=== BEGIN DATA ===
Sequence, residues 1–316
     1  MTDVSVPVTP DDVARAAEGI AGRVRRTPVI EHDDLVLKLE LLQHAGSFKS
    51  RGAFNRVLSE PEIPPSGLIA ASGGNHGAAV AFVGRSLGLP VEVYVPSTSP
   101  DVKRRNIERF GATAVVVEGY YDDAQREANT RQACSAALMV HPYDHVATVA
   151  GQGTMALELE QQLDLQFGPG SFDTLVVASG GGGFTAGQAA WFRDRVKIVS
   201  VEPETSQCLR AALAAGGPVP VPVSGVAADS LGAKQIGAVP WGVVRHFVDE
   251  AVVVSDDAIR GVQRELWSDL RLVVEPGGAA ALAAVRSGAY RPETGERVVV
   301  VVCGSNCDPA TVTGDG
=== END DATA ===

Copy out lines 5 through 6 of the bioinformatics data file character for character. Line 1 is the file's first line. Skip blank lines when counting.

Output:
   151  GQGTMALELE QQLDLQFGPG SFDTLVVASG GGGFTAGQAA WFRDRVKIVS
   201  VEPETSQCLR AALAAGGPVP VPVSGVAADS LGAKQIGAVP WGVVRHFVDE